The Real Mystery is How Jake Gyllenhaal Keeps Stealing My Heart

Film_Review_Prisoners copyPrisoners has shades of Clint Eastwood’s Oscar winning Mystic River. In this case it’s a kidnapping, not a murder, that forms the film’s central mystery. But the core question remains the same. Is that oddball—the one who just happened to be lurking in the wrong place at the wrong time—is he really capable of a crime this horrific? And just exactly how far should one go to find out?

Prisoners is not for the faint of heart. It’s dark, it’s gritty, and it deals with a topic that would make most anyone uncomfortable. But at the same time, it’s the stakes set by that gut wrenching subject matter that make the movie, and its underlying question, so urgent and compelling. It sets an eerie tone that the rest of the movie leverages nicely.

On Thanksgiving Day, two six year old girls—Anna Dover and Joy Birch (Erin Gerasimovich and Kyla Drew Simmons respectively)—are given permission to walk down the street to Anna’s house. They aren’t seen again.

The lead suspect is a developmentally stunted man named Alex Jones (Paul Dano), who had an RV parked in the area at the time of the kidnapping. Keller Dover (Hugh Jackman), Anna’s father, is convinced Jones knows where his daughter is. Loki (Jake Gyllenhaal), the lead investigator in the case, isn’t so sure. And so start the two men on their diverging paths to find the girls’ kidnapper.

Now all of that could sound a little confusing. If you’re wondering to yourself why the last two paragraphs were mostly just names and actors it’s because this film is chalked to the brim with characters. And there’s more where that came from too, with likes of Viola Davis, Terrence Howard, and Melissa Leo also adding to the mix.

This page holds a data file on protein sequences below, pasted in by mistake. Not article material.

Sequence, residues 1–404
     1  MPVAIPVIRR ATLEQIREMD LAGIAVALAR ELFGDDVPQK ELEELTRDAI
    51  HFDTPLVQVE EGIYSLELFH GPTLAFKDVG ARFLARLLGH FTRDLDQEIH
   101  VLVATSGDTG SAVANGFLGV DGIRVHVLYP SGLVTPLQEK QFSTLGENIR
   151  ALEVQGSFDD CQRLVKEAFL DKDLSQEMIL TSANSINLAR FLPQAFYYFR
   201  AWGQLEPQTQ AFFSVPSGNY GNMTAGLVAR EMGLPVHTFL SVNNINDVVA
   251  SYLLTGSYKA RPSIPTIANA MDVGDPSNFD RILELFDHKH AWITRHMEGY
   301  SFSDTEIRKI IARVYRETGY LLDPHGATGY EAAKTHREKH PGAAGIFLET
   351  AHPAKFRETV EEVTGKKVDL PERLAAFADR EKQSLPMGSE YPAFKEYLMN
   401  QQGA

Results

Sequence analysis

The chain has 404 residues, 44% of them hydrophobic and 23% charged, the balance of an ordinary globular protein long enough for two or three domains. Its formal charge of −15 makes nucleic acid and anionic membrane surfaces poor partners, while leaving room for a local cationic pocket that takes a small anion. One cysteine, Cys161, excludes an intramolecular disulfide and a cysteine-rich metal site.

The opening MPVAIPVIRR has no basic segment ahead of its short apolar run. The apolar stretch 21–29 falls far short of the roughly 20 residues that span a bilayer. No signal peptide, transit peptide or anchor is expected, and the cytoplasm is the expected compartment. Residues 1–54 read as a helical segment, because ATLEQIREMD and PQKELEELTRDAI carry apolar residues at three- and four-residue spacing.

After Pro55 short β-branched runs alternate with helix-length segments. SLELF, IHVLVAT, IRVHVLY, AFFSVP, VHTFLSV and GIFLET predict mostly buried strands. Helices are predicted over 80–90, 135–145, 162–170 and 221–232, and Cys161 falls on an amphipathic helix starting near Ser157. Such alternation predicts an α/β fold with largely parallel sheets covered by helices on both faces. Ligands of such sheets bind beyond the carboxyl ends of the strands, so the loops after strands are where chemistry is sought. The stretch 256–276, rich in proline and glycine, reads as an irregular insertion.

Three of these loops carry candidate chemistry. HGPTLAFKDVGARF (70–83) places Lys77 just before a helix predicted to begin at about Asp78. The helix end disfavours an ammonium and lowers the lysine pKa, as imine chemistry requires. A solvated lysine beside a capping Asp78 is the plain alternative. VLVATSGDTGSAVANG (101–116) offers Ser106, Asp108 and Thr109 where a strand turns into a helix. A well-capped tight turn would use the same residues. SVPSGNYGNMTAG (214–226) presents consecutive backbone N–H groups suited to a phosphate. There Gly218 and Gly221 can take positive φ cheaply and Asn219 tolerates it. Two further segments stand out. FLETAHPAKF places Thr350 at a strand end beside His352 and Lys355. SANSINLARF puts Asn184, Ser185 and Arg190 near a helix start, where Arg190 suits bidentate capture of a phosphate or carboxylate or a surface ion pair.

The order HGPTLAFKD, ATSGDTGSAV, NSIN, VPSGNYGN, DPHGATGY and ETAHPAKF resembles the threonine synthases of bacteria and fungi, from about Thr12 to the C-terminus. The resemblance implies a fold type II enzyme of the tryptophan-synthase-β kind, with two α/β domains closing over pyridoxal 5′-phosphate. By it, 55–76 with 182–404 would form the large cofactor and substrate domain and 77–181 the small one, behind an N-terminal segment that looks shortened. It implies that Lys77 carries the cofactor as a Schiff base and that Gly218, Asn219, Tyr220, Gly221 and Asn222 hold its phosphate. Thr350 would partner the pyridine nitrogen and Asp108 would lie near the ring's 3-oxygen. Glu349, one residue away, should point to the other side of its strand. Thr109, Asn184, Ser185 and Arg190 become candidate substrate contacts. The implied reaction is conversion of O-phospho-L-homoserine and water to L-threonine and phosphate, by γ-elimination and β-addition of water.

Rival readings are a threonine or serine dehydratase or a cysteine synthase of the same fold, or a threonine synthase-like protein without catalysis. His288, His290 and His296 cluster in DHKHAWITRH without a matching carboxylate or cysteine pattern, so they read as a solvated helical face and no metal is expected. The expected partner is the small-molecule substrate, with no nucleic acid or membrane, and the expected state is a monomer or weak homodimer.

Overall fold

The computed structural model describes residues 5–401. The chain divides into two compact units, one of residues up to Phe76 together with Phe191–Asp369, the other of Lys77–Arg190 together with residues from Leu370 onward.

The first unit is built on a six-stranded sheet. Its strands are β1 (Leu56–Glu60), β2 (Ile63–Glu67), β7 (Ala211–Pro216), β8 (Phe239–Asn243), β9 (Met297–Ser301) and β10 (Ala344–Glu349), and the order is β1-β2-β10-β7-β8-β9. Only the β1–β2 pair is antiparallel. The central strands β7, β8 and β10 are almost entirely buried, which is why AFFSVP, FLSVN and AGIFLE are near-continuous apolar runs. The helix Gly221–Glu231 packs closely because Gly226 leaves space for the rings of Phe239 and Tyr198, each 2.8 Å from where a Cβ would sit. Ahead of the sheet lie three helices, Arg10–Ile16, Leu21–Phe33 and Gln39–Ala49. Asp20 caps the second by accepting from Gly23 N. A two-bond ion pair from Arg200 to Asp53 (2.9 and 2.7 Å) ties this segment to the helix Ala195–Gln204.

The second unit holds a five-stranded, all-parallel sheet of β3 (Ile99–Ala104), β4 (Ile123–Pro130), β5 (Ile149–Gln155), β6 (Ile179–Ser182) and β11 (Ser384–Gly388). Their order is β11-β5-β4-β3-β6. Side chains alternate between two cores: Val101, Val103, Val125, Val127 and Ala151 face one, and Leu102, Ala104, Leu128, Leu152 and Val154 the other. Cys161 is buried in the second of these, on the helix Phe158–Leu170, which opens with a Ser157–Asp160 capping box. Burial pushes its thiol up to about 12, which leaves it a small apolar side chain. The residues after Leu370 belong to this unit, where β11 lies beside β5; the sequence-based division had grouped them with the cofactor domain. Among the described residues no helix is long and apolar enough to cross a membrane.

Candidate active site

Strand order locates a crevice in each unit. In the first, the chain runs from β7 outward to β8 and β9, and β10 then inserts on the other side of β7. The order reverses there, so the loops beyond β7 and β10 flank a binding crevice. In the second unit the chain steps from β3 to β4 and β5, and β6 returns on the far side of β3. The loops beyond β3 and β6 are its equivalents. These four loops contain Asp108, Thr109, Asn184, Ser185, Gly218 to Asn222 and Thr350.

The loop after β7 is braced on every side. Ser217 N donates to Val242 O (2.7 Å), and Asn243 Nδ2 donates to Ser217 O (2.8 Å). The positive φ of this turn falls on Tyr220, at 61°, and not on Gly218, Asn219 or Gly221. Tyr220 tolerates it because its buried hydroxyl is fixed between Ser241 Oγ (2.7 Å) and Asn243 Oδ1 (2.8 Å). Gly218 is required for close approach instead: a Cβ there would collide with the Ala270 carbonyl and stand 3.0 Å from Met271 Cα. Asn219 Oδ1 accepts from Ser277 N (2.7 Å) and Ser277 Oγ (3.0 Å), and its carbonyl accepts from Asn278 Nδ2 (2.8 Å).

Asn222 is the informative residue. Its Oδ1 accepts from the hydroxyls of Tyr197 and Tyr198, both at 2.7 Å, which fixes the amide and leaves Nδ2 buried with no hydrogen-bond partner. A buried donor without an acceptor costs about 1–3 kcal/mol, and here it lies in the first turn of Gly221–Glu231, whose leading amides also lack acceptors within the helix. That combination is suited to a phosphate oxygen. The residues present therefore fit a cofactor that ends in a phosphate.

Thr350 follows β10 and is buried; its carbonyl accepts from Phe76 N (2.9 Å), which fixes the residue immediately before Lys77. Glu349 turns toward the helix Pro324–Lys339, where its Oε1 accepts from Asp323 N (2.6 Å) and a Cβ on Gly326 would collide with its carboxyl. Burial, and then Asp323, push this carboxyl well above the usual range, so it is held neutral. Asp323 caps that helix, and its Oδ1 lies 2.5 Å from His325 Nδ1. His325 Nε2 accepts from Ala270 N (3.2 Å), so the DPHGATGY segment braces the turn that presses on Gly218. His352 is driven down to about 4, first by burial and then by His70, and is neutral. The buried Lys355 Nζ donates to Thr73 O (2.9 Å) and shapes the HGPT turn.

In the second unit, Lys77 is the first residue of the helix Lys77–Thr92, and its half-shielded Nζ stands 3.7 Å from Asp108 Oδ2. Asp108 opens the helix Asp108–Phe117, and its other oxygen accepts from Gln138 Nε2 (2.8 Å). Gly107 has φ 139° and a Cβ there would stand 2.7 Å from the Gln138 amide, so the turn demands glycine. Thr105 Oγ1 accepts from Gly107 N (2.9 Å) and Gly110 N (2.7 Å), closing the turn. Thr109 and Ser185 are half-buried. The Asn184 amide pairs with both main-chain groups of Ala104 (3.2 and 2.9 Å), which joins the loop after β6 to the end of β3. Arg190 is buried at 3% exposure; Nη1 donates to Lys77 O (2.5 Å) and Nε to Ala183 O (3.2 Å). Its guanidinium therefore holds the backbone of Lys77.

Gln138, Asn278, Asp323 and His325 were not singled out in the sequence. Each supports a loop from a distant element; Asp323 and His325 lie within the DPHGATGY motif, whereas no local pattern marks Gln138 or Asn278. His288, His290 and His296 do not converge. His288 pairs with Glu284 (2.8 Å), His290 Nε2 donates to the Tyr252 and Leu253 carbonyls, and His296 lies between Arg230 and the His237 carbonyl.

But that’s part of the glory of Prisoners. Like all good mysteries the movie bombards us with people, both suspects and non-suspects alike, to the point where it’s hard to see the forest from the trees. Then it meanders through multiple side plots and red herrings that are so tense and thrilling in their own right that you don’t mind that some of them may never pan out. Time seems like it’s racing by.

That’s important, because at 153 minutes Prisoners is a long movie. Sure there’s the odd storyline or character here and there that could (and probably should) have been cut. But that’s only in retrospect, after the mystery’s gone and the credits are rolling. Figuring out what’s important and what’s noise is what makes the movie so engaging.

Of course, that’s not to say that Prisoners always pays off. There are at least a few problems with the ending. None are so large as to sink what came before them, but they’re there. The movie loses itself a bit to explain away at least one of its investigative dead ends (with a scene that feels right out of an episode of CSI) and when the final reveal does finally happen the characters tend to spell it out a bit too much in a “here let me tell you my whole plan” sort of way.

But when it comes to finishing up the arcs of the film’s two main leads, the ending gets much more right than it does wrong. Keller in particular chafes the line between right and wrong often in Prisoners, and writer Aaron Guzikowski is smart to leave his final judgement ambiguous. The cut to the credits may rub some the wrong way, but I respect the choice that was made.

On a personal note, I just want to say how refreshing it is to see a writer (or editor, or director – it’s hard to tell what comes from where in a finished film) who knows just when exactly to end a scene. Prisoners never repeats information to the audience or lingers too long on any given moment, and it’s that mastery of the craft I think that stops the film from turning into two and half hours of repetitive trite.

While some of the smarter members of the audience may be able to predict ahead a little—I can tell you without spoiling anything that all the clues are there to be found—the constant uncertainty keeps the action tense. Prisoners may not reach the mastery of a Mystic River, but it’s pretty darn good in its own right.